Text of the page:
The strange part of this is related to that last sentence. Even though one of the side effects of eye surgeries, whether Lasik or RK or lens implantation, can be a starburst quality to the vision, it often ceases to be much of a problem a few months after surgery. That's because the brain begins to filter it out as useless information.

That's enough to make you wonder what could be right in front of you that you don't see, because the brain somehow considers it useless. Reality may not be what we think it is.

But it's best we stick with the more measurable aspects of vision here.

CATCHING UP WITH SUSAN Likely what made Susan Haggard finally decide to have vision correction surgery was the person who said, "Well, you can just wait until you get cataracts."

Although cataract surgery and lens implantation certainly improve vision and are a blessing to anyone in need, Haggard had no intention of waiting until she was 65-the age at which about half of Americans have the distinctive clouding of the lens marking cataract in at least one eye-to wake up in the morning and be able to see.

So she consulted an ophthalmologist to see if she were a candidate for Lasik (see accompanying story). She was.

"I thought about doing one eye in case I went blind," says the self-employed owner of a real estate Web business and mother of two boys, six and nine. "And then I thought, I'm being ridiculous."

Now, after having the painless procedure in January, "I can't believe I waited that long," Haggard says. She can read the newspaper classifieds unassisted, and yes, she can wake up, look around and see. She has one occasional side effect. "It happens very rarely, but when I'm really tired, and really should go to bed," she says, she notices that starburst effect.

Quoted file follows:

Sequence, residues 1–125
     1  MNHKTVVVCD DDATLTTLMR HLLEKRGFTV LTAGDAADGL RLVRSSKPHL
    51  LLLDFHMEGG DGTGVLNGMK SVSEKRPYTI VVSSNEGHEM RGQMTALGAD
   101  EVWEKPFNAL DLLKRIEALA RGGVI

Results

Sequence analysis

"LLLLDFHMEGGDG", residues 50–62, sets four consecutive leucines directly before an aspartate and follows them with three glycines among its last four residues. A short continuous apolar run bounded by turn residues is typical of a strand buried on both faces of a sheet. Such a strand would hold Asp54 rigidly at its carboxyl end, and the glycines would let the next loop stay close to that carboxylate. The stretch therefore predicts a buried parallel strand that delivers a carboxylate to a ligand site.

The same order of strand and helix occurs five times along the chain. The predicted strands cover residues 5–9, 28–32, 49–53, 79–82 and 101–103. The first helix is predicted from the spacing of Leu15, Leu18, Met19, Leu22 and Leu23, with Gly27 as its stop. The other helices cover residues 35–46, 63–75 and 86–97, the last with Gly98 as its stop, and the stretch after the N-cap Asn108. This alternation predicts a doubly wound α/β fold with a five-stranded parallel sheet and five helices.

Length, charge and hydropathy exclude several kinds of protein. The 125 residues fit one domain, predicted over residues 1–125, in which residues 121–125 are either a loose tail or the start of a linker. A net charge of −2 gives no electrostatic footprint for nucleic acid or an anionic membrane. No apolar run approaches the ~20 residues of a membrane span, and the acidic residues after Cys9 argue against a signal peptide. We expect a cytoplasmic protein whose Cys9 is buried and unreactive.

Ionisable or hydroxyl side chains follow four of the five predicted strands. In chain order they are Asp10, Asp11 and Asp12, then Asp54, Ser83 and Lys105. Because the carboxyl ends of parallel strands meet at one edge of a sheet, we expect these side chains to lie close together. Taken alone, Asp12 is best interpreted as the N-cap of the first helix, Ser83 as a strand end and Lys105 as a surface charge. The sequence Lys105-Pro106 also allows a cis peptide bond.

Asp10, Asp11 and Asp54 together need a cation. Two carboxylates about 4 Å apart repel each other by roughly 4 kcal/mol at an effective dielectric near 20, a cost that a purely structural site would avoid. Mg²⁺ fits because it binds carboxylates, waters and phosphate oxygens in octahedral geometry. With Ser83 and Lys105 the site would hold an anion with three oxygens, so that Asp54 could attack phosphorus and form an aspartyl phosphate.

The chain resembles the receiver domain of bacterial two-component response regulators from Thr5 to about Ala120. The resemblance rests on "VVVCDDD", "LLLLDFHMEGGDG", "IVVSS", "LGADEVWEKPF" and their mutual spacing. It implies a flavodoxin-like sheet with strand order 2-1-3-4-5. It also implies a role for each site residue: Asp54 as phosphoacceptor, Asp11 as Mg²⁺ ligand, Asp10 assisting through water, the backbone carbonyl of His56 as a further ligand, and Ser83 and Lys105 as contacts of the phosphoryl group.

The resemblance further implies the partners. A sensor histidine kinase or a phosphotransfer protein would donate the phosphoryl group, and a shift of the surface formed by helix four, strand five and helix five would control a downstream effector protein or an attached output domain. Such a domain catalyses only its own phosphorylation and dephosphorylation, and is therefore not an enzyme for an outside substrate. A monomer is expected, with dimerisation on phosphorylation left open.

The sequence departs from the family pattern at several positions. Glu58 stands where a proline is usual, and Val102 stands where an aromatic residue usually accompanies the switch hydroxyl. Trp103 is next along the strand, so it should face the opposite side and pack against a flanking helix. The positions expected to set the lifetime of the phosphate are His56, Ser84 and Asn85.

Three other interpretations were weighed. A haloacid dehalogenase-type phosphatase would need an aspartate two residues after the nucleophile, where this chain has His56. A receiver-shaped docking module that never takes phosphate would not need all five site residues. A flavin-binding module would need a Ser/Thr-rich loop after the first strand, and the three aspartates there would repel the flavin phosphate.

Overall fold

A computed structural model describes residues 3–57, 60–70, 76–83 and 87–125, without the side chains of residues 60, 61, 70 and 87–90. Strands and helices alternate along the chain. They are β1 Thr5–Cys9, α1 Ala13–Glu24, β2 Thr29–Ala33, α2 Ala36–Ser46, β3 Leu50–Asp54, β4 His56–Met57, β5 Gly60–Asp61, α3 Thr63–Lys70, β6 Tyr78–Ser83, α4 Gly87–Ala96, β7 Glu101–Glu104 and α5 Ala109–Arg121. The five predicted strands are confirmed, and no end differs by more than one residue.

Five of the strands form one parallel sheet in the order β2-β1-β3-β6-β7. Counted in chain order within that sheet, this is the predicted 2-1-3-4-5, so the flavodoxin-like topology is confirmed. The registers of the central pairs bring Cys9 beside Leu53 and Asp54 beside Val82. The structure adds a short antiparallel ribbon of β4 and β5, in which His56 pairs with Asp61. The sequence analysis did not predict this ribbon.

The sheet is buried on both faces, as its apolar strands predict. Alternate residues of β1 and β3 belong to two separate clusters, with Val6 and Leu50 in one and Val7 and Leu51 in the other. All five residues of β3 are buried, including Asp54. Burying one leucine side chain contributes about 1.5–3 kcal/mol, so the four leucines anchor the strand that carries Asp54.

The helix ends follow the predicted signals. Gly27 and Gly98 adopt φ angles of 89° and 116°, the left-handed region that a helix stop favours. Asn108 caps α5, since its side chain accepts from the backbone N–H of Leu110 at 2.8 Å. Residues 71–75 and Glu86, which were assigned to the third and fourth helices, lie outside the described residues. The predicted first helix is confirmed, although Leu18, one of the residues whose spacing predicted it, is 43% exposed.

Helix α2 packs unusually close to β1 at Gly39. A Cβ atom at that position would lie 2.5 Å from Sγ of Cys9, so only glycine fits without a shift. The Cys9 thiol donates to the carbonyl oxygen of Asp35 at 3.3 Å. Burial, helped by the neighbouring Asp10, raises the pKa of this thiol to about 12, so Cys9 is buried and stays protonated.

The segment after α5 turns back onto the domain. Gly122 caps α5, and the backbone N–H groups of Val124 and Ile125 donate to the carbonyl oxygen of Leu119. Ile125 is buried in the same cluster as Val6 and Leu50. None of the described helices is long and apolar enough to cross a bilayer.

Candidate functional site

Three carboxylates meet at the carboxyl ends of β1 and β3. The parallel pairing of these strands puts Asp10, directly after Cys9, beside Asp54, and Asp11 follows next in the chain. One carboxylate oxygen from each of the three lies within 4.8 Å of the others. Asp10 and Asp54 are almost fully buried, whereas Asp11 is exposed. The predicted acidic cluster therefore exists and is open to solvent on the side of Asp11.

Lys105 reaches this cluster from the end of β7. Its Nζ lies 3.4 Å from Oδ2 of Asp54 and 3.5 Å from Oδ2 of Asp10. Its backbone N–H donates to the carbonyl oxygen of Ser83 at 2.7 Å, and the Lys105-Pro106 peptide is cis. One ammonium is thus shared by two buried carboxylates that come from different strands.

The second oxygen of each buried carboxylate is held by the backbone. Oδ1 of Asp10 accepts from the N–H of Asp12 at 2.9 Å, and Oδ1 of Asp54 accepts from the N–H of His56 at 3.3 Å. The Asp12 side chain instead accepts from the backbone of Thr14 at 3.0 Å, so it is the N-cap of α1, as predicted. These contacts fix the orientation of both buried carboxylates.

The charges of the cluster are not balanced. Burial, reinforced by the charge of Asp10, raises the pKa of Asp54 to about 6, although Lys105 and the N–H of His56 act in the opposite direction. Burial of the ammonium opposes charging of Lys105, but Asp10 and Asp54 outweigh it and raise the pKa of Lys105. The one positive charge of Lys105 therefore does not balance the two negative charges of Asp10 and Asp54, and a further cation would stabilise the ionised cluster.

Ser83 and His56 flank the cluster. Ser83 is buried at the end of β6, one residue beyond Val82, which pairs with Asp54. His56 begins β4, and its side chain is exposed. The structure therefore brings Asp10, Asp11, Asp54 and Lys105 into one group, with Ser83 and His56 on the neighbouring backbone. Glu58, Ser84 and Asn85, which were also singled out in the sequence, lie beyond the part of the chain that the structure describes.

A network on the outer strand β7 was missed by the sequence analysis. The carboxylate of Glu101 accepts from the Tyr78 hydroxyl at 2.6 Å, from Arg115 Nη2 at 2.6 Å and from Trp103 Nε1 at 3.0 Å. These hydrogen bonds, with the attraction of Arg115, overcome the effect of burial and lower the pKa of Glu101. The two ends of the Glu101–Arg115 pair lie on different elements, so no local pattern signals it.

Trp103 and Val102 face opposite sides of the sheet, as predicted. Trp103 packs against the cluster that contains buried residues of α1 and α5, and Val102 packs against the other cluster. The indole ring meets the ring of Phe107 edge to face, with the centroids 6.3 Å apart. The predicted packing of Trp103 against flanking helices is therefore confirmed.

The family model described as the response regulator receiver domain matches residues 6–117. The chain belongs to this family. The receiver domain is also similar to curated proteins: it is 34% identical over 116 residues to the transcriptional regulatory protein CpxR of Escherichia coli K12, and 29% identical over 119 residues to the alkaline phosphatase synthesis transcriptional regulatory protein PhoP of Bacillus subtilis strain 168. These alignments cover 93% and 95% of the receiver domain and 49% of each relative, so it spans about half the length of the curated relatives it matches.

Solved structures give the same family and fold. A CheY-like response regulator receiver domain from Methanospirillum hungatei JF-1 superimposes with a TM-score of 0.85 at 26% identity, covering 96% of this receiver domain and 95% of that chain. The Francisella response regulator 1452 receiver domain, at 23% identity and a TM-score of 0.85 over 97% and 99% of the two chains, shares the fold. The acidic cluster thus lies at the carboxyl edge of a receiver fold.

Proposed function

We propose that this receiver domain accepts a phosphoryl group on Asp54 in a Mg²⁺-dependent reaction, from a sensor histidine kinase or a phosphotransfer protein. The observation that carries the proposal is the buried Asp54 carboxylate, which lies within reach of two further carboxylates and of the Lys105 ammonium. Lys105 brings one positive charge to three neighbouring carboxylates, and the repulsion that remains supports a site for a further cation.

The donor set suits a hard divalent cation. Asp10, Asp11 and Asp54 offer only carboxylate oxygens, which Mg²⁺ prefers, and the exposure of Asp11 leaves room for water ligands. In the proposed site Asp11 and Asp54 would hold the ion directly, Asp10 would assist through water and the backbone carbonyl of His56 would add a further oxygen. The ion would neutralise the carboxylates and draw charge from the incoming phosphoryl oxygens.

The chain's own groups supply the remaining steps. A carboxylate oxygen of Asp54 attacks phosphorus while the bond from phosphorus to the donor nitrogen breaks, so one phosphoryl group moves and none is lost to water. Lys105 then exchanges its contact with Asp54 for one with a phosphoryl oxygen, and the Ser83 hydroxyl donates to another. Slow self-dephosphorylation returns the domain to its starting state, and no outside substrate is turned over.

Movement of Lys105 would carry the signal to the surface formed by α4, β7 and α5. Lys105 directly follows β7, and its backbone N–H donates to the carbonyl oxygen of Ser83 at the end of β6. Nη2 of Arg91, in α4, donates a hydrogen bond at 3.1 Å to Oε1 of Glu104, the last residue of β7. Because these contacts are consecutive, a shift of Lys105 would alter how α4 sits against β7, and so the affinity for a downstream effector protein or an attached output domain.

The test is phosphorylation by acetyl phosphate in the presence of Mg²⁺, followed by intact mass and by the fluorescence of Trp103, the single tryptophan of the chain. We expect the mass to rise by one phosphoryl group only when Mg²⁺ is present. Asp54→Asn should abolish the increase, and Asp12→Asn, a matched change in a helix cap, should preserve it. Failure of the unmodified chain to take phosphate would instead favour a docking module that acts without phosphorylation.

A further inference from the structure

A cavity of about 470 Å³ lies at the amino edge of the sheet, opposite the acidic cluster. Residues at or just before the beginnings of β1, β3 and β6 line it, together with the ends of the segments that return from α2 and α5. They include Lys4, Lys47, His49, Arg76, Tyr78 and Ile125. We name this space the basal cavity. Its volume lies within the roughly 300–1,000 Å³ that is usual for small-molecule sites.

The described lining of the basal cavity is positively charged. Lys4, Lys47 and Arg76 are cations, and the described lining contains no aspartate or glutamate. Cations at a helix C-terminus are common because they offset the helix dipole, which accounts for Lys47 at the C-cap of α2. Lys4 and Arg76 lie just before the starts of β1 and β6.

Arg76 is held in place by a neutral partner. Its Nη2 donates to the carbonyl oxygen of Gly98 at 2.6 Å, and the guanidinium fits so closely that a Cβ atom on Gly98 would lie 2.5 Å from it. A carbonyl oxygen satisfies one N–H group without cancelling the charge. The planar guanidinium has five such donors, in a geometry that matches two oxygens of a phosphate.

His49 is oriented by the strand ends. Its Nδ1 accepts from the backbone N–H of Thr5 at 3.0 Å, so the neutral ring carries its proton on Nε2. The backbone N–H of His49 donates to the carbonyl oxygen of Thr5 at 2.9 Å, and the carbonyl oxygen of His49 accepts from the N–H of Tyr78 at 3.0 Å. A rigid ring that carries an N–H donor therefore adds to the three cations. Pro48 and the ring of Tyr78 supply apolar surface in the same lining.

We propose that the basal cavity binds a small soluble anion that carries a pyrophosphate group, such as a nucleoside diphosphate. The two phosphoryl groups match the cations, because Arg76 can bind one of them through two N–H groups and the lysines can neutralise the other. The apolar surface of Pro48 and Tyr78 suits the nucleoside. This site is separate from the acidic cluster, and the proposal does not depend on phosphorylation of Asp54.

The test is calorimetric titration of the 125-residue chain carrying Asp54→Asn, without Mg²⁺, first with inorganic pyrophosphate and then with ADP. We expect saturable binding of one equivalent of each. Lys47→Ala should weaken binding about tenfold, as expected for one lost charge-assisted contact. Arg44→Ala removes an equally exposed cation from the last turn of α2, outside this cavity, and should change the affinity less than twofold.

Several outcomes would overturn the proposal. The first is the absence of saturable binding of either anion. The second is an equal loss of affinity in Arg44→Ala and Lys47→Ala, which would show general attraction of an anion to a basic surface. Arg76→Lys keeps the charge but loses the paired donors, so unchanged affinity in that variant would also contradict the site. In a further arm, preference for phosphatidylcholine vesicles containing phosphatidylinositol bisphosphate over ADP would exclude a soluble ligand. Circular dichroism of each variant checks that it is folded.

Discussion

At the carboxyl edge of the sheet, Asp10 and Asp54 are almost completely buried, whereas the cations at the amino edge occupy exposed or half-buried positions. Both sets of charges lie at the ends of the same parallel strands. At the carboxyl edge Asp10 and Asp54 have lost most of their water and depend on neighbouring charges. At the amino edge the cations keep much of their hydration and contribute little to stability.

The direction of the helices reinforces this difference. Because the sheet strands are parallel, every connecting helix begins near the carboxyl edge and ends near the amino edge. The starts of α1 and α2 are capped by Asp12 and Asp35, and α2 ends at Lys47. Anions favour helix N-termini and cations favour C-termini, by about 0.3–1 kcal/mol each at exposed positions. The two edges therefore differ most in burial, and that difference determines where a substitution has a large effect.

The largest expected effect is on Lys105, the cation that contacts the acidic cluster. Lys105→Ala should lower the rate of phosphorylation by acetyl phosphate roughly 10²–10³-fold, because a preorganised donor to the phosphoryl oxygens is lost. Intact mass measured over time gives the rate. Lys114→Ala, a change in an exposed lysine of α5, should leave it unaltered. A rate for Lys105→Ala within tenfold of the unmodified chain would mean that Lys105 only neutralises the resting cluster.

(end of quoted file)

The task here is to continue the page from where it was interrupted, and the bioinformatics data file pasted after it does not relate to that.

Although Lasik patients nearly always experience some hazy vision at night or dryness immediately following surgery, these problems are gone by three months in most people, and six months in nearly all.

Dr. Murray Friedberg of the Manatee/Sarasota Eye Clinic is a fellowship-trained cornea specialist who has been doing Lasik surgery since 1999. He says that for people who are good candidates, Lasik is the best method of vision correction. The procedure starts with anesthetic eye drops. The eye is held open with a speculum. The surgeon then uses a microkeratome (a tiny blade) to cut a hinged flap of the superficial layer of the cornea, exposing the business part of the cornea. He then uses a laser to remove tiny amounts of tissue. Removal of tissue by laser changes the shape of the cornea and results in a change in vision. When surgery is complete, the flap is repositioned, stays in place without sutures and heals quickly.

The fear factor for some people considering Lasik is that a blade is used to make the flap-and it's hard to deny that a blade means cutting. The laser may be slightly more precise and somewhat less worrisome to patients, but either way, tissue is removed, and in the hands of an experienced surgeon, there's little difference in risk.

The very latest development in Lasik uses a laser to make the flap, too. Dr. William J. Lahners of the Center for Sight in Sarasota is among the earliest users of this blade-free method.

Lens implants are another option. Two categories of people might opt for lens implants over Lasik: those whose corneal thickness, curvature or pupil size vary greatly from the average, making Lasik more difficult, and those who need progressive bifocals and want to completely shed glasses, reading and otherwise.

Implants have long been used for cataract patients, whose natural lenses become cloudy and are removed and replaced with artificial ones. A recent breakthrough in artificial lenses benefited both the cataract patient and the over-40 patient simply seeking vision correction: multifocal lenses.